Austria has been in lockdown for two weeks in an effort to stem the pandemic, with the country seeing 9,000 infections and 108 deaths.
But Austrian Chancellor Sebastian Kurz said further measures were necessary to staunch the outbreak and supermarkets would be distributing masks to customers on entry.
“I would like to say that a mask for everyone will be available from Wednesday, but in some branches it may take a day or two longer,” Kurz said in a televised press conference.
“From that time on it will be obligatory to wear them in supermarkets.”
Kurz cautioned that the new measure was no substitute for maintaining the recommended distance from other people in public and was intended as a supplementary safeguard.
While it offered the mask-wearer little protection against contracting the virus themselves, it would help prevent them passing it onto other people if they were unwittingly infected, he said.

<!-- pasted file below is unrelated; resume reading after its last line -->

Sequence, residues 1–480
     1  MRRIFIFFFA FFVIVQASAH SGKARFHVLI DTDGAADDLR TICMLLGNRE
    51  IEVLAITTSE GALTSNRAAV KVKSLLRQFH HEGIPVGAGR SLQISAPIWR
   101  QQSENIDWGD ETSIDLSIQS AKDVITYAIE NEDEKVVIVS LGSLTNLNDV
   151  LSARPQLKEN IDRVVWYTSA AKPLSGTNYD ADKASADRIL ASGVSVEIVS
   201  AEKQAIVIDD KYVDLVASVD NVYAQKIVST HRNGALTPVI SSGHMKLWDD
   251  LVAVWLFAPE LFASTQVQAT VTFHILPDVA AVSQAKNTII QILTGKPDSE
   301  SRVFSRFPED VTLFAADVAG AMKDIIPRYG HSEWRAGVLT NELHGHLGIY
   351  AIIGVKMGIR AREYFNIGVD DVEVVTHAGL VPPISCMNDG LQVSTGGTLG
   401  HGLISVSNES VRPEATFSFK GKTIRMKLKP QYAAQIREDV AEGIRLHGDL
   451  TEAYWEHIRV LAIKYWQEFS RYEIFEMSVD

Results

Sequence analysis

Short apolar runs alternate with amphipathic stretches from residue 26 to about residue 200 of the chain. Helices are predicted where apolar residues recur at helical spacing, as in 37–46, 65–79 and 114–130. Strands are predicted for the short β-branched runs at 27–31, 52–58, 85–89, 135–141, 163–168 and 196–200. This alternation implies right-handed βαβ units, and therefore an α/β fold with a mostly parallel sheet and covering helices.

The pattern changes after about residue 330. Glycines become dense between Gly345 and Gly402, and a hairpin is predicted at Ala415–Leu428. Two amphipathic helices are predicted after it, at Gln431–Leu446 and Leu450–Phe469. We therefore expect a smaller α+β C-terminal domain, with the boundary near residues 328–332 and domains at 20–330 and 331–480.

“I am aware that masks for our culture are something unusual and that this will be a big adjustment,” he said, drawing a contrast with Asian countries where the practice is more common.
Asked about how many suitable masks were currently available, Kurz admitted that there was high international demand for them and that home-made masks would also be acceptable to wear.
Kurz warned Austrians that they were in the “calm before the storm” in terms of the fight against the virus.
Lockdown measures are currently scheduled to run until 13 April but Kurz warned the country was engaged in “a marathon” to beat the virus and that “we are still a long way off easing the (lockdown) measures”.
In other steps announced Monday, the government said it would pay the wages of those who are at particular risk of complications from COVID-19 but who cannot work from home, in order to make sure they do not go out to work.
The government also said that it would be carrying out testing on a sample of 2,000 inhabitants in order to form a picture of how widespread the virus was among the broader population.
Health Minister Rudolf Anschober said that “great progress” was being made on antibody tests to reveal who had already contracted the virus and would therefore theoretically have immunity from reinfection.
Such tests could hopefully be rolled out “in a foreseeable time frame,” Anschober said.